The Linden Academy

Name The Linden Academy
Ofsted Inspection Rating Requires improvement
Inspection Date 30 January 2018
Address Osborne Road, Luton, Bedfordshire, LU1 3HJ
Phone Number 01582211441
Type Academy
Age Range 4-11
Religious Character None
Gender Mixed
Number of Pupils 429 (49% boys 51% girls)
Number of Pupils per Teacher 15.9
Academy Sponsor The Shared Learning Trust
Local Authority Luton
Percentage Free School Meals 17.7%
Percentage English is Not First Language 42.4%
Persisitent Absence 13.7%
Pupils with SEN Support 8.4%
Catchment Area Information Available Yes, our catchment area data is FREE
Last Distance Offered Information Available No

Information about this school

The Linden Academy is a larger-than-average primary school. It has grown considerably over the last two years from a two-form to a three-form entry school. The school’s status has changed over time. Initially, it was an independent-converter until 2011, when it became a free school under the name of Barnfield Moorlands Free School. In 2012, the school joined the Barnfield Federation and then became a part of the Shared Learning Trust. The school changed its name to The Linden Academy and moved to its current new building and location in September 2016. The current executive principal and head of school took up their posts in September 2017. The proportion of pupils whose first language is not, or believed not to be, English is higher than the national average. Both the proportion of pupils who are supported for SEN, and the number of pupils who have a statement of special educational needs or an education, health and care plan, are below average. The proportion of pupils who are eligible for support through the pupil premium is below the national average. In 2017, the school met the government’s current floor standards, which are the minimum expectations for pupils’ attainment in English and mathematics.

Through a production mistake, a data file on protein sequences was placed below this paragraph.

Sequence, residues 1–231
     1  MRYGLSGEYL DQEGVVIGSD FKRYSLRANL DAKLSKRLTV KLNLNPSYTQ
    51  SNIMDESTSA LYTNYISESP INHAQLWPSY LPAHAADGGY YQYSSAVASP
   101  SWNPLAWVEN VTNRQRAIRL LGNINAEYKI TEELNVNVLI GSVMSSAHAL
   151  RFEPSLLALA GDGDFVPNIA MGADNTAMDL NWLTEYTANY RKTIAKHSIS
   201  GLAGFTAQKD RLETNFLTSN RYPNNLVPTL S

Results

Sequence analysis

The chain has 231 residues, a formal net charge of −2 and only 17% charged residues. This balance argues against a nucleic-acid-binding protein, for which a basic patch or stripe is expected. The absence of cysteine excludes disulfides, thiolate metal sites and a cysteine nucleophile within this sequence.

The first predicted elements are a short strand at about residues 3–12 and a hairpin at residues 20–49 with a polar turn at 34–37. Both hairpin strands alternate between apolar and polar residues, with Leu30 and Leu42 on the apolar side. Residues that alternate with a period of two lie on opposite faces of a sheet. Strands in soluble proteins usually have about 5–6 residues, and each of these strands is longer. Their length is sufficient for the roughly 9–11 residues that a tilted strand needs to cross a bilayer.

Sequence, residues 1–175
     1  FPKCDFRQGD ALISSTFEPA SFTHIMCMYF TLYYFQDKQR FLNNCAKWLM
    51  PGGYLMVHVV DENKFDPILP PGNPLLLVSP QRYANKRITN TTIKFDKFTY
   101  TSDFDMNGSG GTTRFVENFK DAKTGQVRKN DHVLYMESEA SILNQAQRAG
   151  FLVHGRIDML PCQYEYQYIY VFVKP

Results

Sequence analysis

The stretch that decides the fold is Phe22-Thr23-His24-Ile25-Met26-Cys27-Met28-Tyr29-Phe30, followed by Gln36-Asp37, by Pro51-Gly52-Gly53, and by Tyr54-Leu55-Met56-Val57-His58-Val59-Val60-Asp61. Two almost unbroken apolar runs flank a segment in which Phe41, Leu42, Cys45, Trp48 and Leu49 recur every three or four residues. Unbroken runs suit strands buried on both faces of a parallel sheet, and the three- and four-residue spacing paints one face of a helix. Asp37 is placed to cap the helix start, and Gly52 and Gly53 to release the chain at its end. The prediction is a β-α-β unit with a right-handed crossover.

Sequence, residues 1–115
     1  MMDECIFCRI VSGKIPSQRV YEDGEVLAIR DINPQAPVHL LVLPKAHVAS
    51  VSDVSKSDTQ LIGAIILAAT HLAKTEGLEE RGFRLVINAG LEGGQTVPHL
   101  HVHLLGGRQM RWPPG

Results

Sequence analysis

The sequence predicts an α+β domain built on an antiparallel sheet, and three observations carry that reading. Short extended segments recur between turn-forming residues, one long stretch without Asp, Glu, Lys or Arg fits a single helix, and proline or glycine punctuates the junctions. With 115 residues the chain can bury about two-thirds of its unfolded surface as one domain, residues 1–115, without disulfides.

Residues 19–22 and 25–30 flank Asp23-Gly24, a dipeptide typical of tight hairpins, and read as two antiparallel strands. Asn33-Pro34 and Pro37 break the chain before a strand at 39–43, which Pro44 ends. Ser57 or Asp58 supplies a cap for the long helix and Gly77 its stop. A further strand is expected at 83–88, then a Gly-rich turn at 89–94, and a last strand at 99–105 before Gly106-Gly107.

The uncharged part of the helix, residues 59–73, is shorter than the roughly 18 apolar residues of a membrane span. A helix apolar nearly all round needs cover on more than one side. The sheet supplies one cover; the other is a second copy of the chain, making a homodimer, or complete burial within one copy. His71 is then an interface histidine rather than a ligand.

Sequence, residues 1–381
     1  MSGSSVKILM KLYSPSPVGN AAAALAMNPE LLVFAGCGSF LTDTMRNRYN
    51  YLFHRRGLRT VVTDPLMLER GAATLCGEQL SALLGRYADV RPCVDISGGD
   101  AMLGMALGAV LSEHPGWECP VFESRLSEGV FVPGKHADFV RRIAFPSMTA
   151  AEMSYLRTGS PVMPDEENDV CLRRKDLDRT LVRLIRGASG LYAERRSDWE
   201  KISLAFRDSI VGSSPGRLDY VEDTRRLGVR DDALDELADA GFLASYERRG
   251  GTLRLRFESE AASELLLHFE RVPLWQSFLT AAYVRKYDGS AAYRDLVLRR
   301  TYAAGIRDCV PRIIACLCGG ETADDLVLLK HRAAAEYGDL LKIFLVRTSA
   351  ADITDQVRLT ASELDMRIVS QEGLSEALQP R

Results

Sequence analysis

Summary of key findings for parents and pupils

This is a school that requires improvement There has been significant instability at the school since the previous inspection. This has resulted in a decline in the impact of leaders’ work and, consequently, in standards. Children and pupils do not make the good progress of which they are capable, including in early years. Staffing changes and an inconsistency in teachers’ expectations of pupils mean that pupils’ progress is too slow. Governors are not yet sufficiently skilled to assure themselves that leaders’ actions are moving the school forward rapidly enough. Leaders, including a number who are new, do not yet know the difference that they are making to the provision in the school. For example, their evaluation of the impact of the additional funding that they receive is imprecise, and their use of assessment to pinpoint where pupils need more help is not fully embedded. Teachers’ expectations of what pupils can do are too low. Teachers do not use the information about how well pupils are doing with sufficient precision to plan learning that helps them to make rapid progress. This is particularly the case for the most able pupils. Pupils do not yet receive sufficient opportunities in the wider curriculum to be able to develop subject-specific knowledge and skills confidently, or apply their literacy and numeracy skills. Some pupils have not yet developed effective learning behaviours. At times, most notably when teaching is less engaging or not well suited to pupils’ needs, these pupils lose interest and disrupt learning. A significant minority of parents and carers do not have complete faith in the school’s ability to resolve their concerns. The school has the following strengths Committed leaders and governors have a good understanding of the areas of priority in the school. The school’s provision for physical education (PE) is well considered and ensures that pupils are taught well in this subject. The teaching of reading in the early years and key stage 1 is effective. Pupils enjoy reading and demonstrate good phonics skills. Over time, attendance has improved so that it is now in line with the national average. Persistent absence is also rapidly reducing.